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No evidence for online audience fragmentation during Indian election

Rahul Gandhi, President of India's main opposition Congress party
Rahul Gandhi, President of India's main opposition Congress party, flanked by his sister and a leader of the party Priyanka Gandhi Vadra, speaks with the media after attending a meeting at the party’s headquarters in New Delhi, India, February 7, 2019. REUTERS/Anushree Fadnavis

In the wake of the Indian general election, new research finds that political polarisation in the online media environment during the campaign was not as high as has been suggested, and that digital news outlets competed with national daily newspapers to become the dominant voice in news on Twitter.

These are some of the findings in new research from the Reuters Institute for the Study of Journalism, ‘Online Audience Engagement with Legacy and Digital-Born News Media in the 2019 Indian Elections’. The fact sheet examines 101 of the most important news outlets including national and regional media, legacy and digital-born, and print and broadcast media, weighted by their reach and social media engagement.

The researchers mapped Twitter users’ engagement with media outlets’ feeds to gauge whether they interact with a variety of sources or remain in “echo chambers”. The exercise revealed that levels of polarisation in online news consumption are not as high as one may think, with Indian news audiences consuming a substantially diverse array of news sources, in contrast, perhaps to the growing political polarisation in the country. The report’s authors write:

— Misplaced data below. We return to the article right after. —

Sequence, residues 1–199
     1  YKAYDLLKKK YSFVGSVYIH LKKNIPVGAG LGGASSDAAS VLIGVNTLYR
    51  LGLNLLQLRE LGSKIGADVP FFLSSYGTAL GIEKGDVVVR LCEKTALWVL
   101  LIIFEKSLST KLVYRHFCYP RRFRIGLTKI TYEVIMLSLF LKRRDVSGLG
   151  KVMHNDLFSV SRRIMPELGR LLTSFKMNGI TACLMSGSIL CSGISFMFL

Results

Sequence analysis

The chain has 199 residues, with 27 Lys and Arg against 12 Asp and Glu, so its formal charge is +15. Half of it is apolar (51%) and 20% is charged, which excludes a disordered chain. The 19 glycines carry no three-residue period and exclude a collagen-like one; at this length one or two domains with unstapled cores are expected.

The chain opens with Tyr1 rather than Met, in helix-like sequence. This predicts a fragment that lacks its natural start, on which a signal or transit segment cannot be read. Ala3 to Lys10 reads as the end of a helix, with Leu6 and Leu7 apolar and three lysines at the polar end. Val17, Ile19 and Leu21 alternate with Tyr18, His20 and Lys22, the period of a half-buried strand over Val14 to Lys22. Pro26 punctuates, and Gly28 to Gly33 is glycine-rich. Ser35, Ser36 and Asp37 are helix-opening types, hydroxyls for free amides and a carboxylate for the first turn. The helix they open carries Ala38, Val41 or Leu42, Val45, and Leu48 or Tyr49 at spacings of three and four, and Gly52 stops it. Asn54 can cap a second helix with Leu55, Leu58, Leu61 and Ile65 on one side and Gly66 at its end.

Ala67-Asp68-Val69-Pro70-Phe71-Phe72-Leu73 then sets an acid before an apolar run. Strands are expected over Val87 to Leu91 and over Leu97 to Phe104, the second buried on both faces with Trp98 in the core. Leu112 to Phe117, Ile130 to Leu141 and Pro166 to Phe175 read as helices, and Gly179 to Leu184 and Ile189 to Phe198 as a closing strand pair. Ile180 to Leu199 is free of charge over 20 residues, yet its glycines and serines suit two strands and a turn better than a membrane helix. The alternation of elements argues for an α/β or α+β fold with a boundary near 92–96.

“Our analysis thus provides a reminder that while the existence of active, visible, and vocal partisan minorities engaged in often highly polarised debates (sometimes in orchestrated ways driven by particular political agendas) can create the impression that the overall online environment in India is fragmented along partisan lines, our findings suggests that is not the case overall.”

The authors of the research also found that both digital-born and legacy national outlets prioritised the use of Twitter over Facebook, reflective of the platform’s use in urban areas and the English-speaking core audiences for such outlets. Digital-born news outlets also appear to have a more engaged social media audience with engagement rates per post tending to be higher than for other media types, though the BBC India boasts the highest engagement rate for content it posts on Twitter. And in what may prove a lucrative path for boosting engagement with online audiences, video narratives were found to have the highest engagement levels on Facebook (similar to what has been observed in other countries).

Taberez Ahmed Neyazi, co-author of the fact sheet, said: “This is a very important contribution to understand how people consumed news online during the 2019 Lok Sabha elections and the increasing competition between legacy media and digital-born media to draw voters’ attention. Given the dearth of empirical studies on the topic in India, this could be a benchmark for future researchers to compare how online space are being used for political mobilization.”

Read the full paper >>